Senator wants to end federal non-disclosure agreements silencing misconduct victims

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OTTAWA — As MPs grill Hockey Canada over payouts and stifling sexual-assault allegations, a Manitoba senator wants to prevent all federal bodies from using non-disclosure agreements in misconduct cases.

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OTTAWA — As MPs grill Hockey Canada over payouts and stifling sexual-assault allegations, a Manitoba senator wants to prevent all federal bodies from using non-disclosure agreements in misconduct cases.

“We’ve stepped out of our collective denial, and people are paying attention,” said Sen. Marilou McPhedran.

“As humans, we don’t want any of this to be true; we don’t want institutions that perpetuate a rape culture.”

THE CANADIAN PRESS FILES/Adrian Wyld

Senator Marilou McPhedran: “We don’t want institutions that perpetuate a rape culture.”

In May, the Prince Edward Island government put into effect a law that bans non-disclosure agreements that have “the purpose or effect of concealing the details relating to a complaint of harassment or discrimination.”

The Manitoba Liberals tabled a similar bill in April, which has yet to be debated.

No similar legislation has been tabled at the federal level, which includes departments and Crown corporations as well as certain private sectors, such as banking and broadcasting.

In the past year, McPhedran has been consulting with lawyers in Canada as well as legislators in different countries on how best to craft a bill that could prevent NDAs from being used to silence victims. She plans to table legislation when Parliament resumes in September.

The bill could affect the terms that Ottawa puts on funding for bodies such as Hockey Canada, and influence provinces to craft their own legislation for workplaces and organizations.

The Trudeau Liberals beefed up the rules around harassment in federal workplaces through a bill they passed in 2018, but didn’t make into law until the start of 2021. That legislation did not include restrictions on the use of gag orders.

Labour Minister Seamus O’Regan’s office said it has no plans to amend that law to restrict non-disclosure agreements, but noted that it could be part of a review of new anti-harassment rules, which by law must start by 2026.

“While the government continues to engage with stakeholders for feedback and recommendations to improve standards for workers, currently, there are no plans to pursue further changes to the regime,” wrote spokesman Daniel Pollak.

“The enhanced measures require that new measures be reviewed within five years, and it is expected that any additional measures that may be required would be addressed once the review is completed.”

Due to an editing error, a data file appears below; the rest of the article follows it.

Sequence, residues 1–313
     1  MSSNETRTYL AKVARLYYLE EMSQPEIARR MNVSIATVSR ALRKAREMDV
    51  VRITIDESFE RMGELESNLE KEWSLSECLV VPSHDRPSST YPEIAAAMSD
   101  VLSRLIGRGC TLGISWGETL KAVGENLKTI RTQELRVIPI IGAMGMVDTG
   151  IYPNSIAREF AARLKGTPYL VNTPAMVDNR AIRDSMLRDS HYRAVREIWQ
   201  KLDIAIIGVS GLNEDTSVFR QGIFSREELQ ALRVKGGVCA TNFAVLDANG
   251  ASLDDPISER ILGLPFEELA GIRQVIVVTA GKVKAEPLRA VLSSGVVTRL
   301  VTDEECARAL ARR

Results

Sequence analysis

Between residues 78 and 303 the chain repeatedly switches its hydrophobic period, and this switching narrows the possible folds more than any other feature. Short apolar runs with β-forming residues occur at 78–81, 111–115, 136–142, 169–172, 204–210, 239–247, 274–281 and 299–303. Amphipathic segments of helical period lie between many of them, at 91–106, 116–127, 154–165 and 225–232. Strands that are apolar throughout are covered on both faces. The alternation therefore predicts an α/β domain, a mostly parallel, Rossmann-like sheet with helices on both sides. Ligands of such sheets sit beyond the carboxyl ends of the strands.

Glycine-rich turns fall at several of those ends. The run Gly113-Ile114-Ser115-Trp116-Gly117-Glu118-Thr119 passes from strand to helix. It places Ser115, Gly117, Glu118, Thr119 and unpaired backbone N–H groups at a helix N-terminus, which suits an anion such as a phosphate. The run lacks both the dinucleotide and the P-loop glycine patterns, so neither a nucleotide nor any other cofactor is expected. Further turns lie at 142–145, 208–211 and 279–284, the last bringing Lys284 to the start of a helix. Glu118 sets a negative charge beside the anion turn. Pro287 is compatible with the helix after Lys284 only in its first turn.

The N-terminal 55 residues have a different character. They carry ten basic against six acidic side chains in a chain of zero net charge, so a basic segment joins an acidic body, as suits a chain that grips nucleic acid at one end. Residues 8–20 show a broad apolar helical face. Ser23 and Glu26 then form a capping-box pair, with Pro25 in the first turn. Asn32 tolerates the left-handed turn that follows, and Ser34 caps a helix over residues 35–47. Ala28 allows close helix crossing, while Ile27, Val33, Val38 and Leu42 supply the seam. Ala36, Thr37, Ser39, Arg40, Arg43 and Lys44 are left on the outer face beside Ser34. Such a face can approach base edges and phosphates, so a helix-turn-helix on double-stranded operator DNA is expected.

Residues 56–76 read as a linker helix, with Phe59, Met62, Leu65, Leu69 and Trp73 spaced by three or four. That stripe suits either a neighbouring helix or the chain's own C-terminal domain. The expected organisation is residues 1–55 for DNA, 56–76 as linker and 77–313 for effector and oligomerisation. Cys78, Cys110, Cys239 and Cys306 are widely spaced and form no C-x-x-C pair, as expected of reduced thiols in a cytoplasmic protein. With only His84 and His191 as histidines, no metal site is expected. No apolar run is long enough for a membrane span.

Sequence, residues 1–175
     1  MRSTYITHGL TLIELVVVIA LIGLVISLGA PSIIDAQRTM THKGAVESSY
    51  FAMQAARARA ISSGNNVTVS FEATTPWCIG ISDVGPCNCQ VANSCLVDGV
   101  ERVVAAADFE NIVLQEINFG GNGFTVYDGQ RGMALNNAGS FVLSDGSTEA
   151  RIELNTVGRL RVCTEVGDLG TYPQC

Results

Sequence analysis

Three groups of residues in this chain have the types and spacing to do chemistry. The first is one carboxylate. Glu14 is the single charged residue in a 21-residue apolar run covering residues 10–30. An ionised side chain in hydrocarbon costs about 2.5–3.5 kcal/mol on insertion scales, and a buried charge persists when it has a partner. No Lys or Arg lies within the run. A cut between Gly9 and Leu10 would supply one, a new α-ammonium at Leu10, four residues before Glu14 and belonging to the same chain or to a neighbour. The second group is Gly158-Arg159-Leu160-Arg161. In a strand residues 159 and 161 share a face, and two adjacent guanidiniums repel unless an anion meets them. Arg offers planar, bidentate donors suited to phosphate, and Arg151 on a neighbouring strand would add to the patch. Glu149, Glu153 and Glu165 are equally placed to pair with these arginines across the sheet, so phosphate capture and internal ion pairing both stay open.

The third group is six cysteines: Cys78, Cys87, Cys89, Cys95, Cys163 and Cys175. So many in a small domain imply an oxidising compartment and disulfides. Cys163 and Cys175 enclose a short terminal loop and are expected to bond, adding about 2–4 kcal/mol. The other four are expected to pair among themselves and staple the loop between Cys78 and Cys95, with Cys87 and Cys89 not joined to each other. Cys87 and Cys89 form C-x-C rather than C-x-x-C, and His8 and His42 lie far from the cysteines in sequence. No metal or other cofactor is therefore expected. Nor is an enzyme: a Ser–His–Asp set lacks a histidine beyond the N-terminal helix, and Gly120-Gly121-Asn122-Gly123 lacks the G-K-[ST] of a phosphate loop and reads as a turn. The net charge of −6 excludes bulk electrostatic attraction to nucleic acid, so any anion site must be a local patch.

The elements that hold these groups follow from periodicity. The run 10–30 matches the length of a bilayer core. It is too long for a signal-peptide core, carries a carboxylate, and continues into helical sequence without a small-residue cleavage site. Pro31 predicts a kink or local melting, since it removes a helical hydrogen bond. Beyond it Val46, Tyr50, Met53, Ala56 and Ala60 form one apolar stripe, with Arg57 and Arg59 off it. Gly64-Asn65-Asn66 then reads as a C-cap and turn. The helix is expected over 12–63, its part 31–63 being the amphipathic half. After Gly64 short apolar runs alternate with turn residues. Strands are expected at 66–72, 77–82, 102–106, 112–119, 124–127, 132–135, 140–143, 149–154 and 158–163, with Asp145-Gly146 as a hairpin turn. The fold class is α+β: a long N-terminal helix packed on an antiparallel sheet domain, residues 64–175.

At an unrelated press conference at the Manitoba legislature, federal Gender Equality Minister Marci Ien said she supports O’Regan’s approach.

“I know that he is working diligently on this, and I know that his comments — the comments he’s making, he’s making for a reason,” Ien said.

“We will continue to work collaboratively in that way, to address workplace harassment (and) any other type of harassment.”

McPhedran seems optimistic the Liberals will move well before 2026, either by supporting her bill or by changing their own legislation.

The non-affiliated senator said she’s had “very productive conversations” with ministerial staffers, particularly since May when revelations emerged that Hockey Canada issued payouts to women alleging sexual assault.

“Right now, I think there’s a high level of genuine interest and concern, among a range of government policy developers,” she said, adding that she can tell when political staff are not interested.

Next month’s she’ll help lead a virtual roundtable of international lawmakers to hear about how they can cut down on the misuse of gag orders. The event will include Irish Senator Lynn Ruane, whose bill this summer gave employees in Ireland the right to seek legal counsel before signing an NDA, and to refuse one.

McPhedran’s career focused on power dynamics in harassment sexual abuse, and she’s pushed the Senate since her appointment in 2016 to have more transparent policies within the upper house, with some pushback from colleagues.

The public’s interest in the issue ebbs and flows, she said, but she believes Canadians have been deeply shaken from the revelation that the fees parents pay for their children to play hockey have been used to pay settlements that stifle allegations of sexual assault.

“When we see the kind of thoughtful attention, and the responsiveness of our parliamentarians in holding these hearings in the middle of summer, this is an important signal,” she said.

“This is a strong time of potential, to actually make some of the systemic changes that I believe strongly are needed.”

— with files from Carol Sanders

dylan.robertson@freepress.mb.ca

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